However, a big question still remains: How much will Nextel have to pay for the spectrum? Estimates range from $850 million to $3 billion-plus.
With Powell behind the measure and two of the remaining four FCC commissioners previously supporting Nextel, the plan is expected to be approved soon, according to reports by The Washington Post and Reuters.
"We have been focused on this problem from one perspective--how to fix the interference problem for public safety," Powell said in an interview Wednesday on CNBC. "And to do it in a way that doesn't provide an excessive windfall to any one company, but gets the problem solved. We believe we have come close to figuring out how to do that and we'll get that decision out to the market soon." Some sources said the issue could be voted on by FCC commissioners as early as Friday.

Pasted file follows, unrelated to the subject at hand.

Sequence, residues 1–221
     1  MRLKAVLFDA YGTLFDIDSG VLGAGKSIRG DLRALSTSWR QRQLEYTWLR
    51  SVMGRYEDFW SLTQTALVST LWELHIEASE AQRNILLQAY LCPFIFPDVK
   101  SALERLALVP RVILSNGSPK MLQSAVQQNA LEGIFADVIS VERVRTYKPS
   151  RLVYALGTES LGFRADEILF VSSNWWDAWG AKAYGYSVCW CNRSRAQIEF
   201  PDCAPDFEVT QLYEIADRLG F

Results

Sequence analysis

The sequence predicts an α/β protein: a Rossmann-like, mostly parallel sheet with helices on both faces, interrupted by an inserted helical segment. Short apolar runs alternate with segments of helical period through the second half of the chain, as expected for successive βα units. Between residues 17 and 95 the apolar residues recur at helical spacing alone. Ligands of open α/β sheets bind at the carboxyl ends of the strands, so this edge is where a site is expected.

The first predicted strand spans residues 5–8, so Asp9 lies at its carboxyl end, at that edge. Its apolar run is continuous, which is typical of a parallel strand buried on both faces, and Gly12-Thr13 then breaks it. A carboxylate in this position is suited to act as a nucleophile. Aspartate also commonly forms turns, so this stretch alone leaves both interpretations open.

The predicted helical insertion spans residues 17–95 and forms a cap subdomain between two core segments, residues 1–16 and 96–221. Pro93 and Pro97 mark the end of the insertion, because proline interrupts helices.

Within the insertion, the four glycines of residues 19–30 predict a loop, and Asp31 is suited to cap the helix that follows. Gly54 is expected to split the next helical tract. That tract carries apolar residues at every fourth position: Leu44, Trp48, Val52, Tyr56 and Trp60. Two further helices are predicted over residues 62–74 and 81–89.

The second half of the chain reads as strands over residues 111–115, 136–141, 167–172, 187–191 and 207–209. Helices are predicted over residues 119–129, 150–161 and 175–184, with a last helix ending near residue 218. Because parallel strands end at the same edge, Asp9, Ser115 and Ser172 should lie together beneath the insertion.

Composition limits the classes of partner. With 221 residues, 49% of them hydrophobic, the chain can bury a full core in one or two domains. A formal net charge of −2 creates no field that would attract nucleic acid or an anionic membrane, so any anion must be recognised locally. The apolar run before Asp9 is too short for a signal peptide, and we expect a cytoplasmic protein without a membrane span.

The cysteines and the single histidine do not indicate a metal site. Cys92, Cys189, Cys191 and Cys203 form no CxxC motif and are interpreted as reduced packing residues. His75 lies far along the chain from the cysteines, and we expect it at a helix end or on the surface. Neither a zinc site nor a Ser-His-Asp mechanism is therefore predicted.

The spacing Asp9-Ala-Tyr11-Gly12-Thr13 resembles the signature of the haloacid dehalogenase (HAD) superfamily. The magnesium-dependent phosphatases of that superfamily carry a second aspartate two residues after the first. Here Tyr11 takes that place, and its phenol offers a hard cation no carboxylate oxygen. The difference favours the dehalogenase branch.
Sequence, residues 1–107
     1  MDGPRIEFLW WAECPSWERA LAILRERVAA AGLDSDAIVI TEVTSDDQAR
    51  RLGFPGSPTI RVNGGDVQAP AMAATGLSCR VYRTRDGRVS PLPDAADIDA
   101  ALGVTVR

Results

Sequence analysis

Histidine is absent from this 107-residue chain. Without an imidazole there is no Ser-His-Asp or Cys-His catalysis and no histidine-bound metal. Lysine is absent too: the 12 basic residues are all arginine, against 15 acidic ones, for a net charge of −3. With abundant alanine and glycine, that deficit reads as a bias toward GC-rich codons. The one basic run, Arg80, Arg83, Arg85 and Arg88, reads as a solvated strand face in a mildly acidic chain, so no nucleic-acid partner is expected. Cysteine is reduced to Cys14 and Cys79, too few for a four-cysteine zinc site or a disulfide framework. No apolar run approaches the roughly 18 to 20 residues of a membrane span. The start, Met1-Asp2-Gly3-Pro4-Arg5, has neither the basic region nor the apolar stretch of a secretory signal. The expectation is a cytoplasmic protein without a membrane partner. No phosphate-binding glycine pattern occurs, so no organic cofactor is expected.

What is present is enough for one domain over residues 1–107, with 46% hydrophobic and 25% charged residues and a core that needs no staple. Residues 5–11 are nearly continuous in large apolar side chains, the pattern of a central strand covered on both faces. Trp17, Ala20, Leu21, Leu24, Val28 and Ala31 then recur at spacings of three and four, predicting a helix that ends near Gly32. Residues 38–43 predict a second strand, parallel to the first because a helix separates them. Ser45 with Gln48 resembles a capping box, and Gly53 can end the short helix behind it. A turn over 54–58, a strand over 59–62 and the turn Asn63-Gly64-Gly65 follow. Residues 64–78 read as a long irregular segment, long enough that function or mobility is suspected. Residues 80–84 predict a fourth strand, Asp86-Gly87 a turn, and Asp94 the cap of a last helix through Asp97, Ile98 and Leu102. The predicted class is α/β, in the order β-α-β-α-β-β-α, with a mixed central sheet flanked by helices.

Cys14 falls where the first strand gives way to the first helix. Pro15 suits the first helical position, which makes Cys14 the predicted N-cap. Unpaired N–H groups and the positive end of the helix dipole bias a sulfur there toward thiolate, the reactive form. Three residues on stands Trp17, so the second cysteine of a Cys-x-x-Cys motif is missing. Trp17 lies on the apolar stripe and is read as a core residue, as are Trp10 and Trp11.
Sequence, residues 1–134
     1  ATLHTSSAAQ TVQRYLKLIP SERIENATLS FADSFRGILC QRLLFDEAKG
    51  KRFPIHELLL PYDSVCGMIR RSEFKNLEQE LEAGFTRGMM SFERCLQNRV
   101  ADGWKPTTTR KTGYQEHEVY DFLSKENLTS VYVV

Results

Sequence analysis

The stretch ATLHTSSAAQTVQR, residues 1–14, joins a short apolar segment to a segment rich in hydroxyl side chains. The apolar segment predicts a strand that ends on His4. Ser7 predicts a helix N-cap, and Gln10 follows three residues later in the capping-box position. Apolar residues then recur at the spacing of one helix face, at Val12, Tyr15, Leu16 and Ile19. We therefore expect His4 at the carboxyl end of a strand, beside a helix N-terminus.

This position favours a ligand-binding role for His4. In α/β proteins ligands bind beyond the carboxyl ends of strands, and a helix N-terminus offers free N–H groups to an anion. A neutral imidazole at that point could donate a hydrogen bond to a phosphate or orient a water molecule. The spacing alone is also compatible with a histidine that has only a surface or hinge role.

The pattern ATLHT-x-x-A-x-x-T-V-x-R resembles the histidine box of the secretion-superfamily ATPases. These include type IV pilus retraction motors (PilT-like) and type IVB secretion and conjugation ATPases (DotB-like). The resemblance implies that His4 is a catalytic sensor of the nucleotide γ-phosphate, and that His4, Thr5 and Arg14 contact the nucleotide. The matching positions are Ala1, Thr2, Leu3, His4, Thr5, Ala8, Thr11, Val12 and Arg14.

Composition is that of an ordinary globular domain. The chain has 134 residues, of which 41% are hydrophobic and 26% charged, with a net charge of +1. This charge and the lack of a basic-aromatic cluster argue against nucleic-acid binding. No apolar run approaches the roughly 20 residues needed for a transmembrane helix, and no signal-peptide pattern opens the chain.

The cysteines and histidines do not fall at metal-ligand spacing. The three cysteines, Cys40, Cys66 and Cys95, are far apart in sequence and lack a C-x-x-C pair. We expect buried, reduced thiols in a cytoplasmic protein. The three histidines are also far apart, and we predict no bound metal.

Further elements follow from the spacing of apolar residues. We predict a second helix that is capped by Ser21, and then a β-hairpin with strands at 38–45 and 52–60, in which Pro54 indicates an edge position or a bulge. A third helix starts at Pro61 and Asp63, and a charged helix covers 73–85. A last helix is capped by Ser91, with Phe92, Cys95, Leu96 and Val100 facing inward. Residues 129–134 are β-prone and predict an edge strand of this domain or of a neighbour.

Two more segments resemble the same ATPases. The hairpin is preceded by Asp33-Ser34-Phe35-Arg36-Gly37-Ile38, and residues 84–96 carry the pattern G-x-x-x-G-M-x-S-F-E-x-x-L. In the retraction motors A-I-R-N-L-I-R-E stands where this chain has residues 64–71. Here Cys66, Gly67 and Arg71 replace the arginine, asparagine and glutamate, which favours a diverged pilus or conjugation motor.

No one questions the necessity for Nextel to move away from the hodge-podge of airwaves it cobbled together since its founding in the late 1980s--its service constantly interferes with public-safety channels used by police, fire, and rescue agencies. Nextel offered to pay more than $1 billion to shuffle various users around spectrum bands, with an eye to picking up bandwidth in the 1.9-GHz spectrum for itself.